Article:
Sandbanks is a gorgeous little, sandy peninsula on the edge of Poole in the United Kingdom. Not much happens down here and aside from the roar of super cars it’s a very peaceful place. So Rick Stein opening a new restaurant was the biggest news since rumour of a minor royal being spotted at the annual beach polo event.
Aside from a few hotel lounges there was just one bar on the peninsula itself, the Shore Bar. I visited it regularly and was sad to see it close after a fire gutted the kitchen. Months passed, then one autumn morning whilst walking past the boarded up Bar, I looked up to see a rather intriguing sign – “Rick Stein Sandbanks Coming Soon”. Cornwall’s renowned chief was opening a new seafood restaurant in Sandbanks. Seriously?
Rick Stein is a really rather famous chef who has made seafood his speciality. He has a restaurant in Australia and other establishments in Cornwall. His four restaurant in the small Cornish fishing port of Padstow are widely credited with putting the town on the map, his impact on the local economy such that it has been nicknamed “Padstein”.
Advance to late 2015 and Rick Stein Sandbanks opened its doors. For the first couple of weeks trying to get a table at the weekend was tougher than getting a ticket to see Adele at the O2. A few months later and the restaurant is still very, very busy, job done Mr Stein I’d say.
On entering the restaurant it’s obvious that money has been spent. Multitudes of waiters busy themselves serving customers, whist bar staff cope well with thirsty punters. The restaurant’s contemporary interior is lovely, rustic without being too cold, lots of wood and pastel colours soften the clean lines. The layout is split into two distinctive areas: a bar at the front of the property where customers can enjoy food and drink and the restaurant proper located up a few steps to the rear. The short journey between the two taking you past the establishments large open kitchen packed full of chiefs. The resturant area is perhaps not quite as cosy as the bar but its large floor to ceiling windows offer great views across poole harbour.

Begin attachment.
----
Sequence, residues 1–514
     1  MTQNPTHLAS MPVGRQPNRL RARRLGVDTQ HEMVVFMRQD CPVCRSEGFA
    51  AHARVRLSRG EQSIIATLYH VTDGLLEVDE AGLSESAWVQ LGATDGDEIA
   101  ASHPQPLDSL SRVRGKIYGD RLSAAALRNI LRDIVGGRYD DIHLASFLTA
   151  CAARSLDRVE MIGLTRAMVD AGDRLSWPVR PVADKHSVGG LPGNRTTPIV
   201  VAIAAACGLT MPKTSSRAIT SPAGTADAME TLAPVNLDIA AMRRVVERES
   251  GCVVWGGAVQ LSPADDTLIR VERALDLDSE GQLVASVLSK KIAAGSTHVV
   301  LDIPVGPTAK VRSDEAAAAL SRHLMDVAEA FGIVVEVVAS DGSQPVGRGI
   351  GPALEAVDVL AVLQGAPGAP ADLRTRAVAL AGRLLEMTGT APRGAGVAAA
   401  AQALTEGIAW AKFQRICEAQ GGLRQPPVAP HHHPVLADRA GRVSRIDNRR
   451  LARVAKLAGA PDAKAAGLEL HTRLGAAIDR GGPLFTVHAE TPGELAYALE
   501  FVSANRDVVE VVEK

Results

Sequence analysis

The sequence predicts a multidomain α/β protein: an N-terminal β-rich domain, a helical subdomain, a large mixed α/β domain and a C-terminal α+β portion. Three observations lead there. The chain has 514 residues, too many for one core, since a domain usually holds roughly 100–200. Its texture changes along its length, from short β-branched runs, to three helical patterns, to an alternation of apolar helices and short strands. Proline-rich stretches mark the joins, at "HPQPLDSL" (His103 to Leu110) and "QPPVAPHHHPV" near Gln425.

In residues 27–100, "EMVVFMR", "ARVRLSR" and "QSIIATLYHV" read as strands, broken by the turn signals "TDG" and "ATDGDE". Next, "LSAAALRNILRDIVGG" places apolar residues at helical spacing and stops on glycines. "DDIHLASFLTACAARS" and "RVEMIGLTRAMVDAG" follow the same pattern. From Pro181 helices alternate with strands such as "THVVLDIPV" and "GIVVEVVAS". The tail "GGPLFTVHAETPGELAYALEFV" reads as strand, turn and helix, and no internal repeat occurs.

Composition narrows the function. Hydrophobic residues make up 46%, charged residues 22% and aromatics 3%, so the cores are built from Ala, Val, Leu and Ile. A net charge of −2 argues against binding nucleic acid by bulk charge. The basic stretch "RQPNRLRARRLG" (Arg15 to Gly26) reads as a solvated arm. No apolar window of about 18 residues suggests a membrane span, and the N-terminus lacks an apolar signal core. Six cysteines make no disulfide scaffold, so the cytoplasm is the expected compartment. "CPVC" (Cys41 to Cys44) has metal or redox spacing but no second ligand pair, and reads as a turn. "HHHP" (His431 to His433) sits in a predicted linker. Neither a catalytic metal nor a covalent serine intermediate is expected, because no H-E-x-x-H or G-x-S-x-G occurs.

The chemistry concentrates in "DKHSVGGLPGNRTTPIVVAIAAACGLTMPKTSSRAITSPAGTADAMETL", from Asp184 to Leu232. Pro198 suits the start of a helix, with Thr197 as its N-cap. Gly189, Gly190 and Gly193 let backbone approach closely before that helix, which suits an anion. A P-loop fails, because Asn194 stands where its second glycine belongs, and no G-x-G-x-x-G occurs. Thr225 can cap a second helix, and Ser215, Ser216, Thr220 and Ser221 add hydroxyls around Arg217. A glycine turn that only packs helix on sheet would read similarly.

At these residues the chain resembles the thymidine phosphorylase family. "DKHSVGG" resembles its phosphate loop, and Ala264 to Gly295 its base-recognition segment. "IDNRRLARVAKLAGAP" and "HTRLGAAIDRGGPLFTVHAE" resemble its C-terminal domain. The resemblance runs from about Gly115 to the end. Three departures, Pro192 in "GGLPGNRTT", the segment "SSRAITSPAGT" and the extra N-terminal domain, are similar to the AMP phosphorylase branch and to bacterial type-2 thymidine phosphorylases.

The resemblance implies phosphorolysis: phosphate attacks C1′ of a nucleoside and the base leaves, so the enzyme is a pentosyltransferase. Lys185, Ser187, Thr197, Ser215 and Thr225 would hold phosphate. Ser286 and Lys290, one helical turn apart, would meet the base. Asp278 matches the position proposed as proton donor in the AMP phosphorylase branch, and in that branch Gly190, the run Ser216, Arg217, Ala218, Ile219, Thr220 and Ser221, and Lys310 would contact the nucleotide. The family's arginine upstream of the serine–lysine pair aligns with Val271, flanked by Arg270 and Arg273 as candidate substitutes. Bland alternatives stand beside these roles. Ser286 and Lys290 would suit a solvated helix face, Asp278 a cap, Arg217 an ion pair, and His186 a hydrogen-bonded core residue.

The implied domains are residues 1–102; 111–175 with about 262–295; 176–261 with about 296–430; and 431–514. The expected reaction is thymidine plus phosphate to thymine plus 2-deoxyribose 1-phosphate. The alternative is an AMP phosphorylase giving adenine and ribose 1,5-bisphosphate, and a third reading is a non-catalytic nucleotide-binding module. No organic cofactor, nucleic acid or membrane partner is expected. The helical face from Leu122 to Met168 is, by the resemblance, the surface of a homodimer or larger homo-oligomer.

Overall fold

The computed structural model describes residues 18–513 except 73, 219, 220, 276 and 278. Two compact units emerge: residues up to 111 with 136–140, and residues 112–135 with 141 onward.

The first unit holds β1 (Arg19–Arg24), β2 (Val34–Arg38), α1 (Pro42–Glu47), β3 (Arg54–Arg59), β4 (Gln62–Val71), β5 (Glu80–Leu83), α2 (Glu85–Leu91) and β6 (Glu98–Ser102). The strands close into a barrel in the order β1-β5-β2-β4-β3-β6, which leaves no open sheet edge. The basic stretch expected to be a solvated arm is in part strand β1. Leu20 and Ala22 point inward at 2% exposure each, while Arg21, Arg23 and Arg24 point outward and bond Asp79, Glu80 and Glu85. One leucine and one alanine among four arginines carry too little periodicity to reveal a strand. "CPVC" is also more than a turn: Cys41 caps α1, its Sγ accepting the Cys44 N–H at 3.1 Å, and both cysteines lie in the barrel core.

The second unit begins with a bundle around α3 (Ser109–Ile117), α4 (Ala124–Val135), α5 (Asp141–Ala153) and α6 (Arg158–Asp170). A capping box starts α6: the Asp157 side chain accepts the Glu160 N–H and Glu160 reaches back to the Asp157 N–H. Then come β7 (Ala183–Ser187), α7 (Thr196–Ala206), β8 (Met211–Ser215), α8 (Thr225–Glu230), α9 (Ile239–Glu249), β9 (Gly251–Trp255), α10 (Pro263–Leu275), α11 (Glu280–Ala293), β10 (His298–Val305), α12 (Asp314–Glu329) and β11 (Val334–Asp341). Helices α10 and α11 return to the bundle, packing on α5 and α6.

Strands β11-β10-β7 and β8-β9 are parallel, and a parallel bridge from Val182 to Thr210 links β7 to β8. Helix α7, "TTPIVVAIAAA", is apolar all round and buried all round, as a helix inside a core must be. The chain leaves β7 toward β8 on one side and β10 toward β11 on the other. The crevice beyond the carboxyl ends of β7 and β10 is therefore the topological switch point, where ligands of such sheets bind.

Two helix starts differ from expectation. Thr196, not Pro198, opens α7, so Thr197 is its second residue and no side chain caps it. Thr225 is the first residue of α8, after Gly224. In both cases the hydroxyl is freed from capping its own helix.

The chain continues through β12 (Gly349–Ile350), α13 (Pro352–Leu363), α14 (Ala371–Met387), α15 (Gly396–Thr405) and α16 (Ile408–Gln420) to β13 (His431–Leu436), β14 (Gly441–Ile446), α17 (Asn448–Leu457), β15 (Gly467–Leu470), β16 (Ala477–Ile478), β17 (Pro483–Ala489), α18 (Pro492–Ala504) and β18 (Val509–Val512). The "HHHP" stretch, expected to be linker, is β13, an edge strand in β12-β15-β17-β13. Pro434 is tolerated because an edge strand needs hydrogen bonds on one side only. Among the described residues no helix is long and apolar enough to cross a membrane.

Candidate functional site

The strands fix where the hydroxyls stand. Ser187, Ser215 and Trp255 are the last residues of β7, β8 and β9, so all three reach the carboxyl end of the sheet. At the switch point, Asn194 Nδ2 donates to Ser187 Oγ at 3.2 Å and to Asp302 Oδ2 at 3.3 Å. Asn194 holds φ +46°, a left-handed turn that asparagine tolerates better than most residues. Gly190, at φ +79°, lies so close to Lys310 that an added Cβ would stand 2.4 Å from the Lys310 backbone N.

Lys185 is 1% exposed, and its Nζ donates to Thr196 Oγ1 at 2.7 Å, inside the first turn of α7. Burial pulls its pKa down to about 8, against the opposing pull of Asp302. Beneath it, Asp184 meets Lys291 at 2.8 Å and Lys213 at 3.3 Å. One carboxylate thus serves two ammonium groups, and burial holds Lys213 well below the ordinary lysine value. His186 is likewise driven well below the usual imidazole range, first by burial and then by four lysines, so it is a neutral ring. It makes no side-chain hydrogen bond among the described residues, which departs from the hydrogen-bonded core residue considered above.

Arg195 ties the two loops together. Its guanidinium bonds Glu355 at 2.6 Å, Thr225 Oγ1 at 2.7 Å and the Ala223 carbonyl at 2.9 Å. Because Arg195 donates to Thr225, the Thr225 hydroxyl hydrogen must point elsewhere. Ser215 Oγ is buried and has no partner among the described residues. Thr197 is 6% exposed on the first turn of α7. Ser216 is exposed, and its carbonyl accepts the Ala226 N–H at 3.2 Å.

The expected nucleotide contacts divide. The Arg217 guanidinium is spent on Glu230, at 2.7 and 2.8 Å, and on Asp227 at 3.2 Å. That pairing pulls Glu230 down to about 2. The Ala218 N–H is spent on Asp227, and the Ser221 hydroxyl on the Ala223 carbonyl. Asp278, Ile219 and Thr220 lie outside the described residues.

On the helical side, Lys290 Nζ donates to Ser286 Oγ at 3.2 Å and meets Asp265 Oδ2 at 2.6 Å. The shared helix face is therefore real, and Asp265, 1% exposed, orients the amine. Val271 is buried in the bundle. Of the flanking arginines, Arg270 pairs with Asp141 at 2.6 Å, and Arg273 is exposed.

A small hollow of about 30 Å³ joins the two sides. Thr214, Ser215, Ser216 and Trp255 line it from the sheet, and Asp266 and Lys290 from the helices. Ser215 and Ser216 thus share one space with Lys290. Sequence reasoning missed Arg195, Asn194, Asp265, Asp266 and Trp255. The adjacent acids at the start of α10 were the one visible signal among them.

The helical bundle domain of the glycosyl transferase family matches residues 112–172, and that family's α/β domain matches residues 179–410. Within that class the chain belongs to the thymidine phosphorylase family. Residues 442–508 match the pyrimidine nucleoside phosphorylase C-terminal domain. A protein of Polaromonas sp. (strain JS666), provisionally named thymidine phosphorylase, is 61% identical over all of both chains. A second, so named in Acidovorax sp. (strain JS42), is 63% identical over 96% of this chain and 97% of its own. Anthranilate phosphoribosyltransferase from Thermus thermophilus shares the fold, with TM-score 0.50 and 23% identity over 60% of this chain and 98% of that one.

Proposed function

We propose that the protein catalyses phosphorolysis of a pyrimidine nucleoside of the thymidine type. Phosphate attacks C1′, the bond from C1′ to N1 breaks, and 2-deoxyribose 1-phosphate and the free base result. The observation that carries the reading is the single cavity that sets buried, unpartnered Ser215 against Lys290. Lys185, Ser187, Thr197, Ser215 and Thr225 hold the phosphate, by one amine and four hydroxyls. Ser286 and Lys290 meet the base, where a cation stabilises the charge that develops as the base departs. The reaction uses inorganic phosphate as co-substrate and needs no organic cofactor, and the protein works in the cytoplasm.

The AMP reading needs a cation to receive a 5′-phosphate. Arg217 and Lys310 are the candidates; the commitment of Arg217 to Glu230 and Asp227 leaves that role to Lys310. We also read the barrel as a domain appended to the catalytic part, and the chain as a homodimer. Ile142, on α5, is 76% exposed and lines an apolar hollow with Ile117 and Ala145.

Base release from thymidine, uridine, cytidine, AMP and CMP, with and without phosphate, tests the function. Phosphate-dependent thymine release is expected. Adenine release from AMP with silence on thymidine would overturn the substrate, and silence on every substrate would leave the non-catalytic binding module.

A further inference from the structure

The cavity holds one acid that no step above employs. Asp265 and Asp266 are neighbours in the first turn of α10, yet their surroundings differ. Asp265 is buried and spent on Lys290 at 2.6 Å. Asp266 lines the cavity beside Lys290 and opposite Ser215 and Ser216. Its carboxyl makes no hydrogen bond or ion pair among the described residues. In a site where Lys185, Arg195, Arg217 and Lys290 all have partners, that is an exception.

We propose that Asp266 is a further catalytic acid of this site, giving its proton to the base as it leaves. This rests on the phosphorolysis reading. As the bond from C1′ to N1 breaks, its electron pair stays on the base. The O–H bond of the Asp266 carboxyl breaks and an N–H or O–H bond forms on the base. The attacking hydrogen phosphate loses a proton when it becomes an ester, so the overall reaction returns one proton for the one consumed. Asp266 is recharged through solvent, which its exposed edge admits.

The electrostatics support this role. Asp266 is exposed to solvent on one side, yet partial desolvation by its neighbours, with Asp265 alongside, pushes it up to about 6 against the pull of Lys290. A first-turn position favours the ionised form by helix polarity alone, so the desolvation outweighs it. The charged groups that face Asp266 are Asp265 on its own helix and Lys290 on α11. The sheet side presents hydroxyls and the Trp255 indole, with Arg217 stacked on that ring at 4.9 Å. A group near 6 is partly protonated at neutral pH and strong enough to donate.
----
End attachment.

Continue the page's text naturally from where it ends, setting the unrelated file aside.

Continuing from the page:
There are many covers throughout but diners are by no means packed in. Waiters are attentive and helpful, friendly without a hint of stuffiness. Courses are served in god time, the dramatic pause in-between just long enough. This is no mean feat in a new, large, packed restaurant at 9:00 pm on a Saturday night.
And so to the food. A quick look at the menu tells you that this restaurant offers classic seafood dishes at very reasonable prices, (starters at less than £10 GBP and the majority of mains at less than £30 GBP), I was extremely tempted by the Cod and Chips at £16.50 GBP, cheap date! The whole thing is designed to be a casual bistro as opposed to a fine dining pilgrimage. A concise and varied wine list was nearly enough to tempt me back to the fray after months of abstinence from my favourite tipple. We had the Sashimi of Scallops, Salmon, Tuna along with the Bass and the Cornish Crab Wakame to start. For our mains we chose the Lobster Thermidor and Turbot Hollandaise. Each course was delightful, the fish fresh as you’d hope of a restaurant that prides itself in locally sourced produce and cooked as well as you’d expect of a restaurant bearing Mr Stein’s name. The portions were of a good size, the available accompaniments perhaps a bit sparce, but the thin chips that came with my lobster dish were fabulous – there’s no shame in a side order of fries here. The yummy Chocolate Pavé and Gingerbread Pudding deserts didn’t disappoint either.
Rick Stein Sandbanks is full night after night and ruthfully so. The name above the door has got customers in but the great food and charming service has people like me coming back for more.
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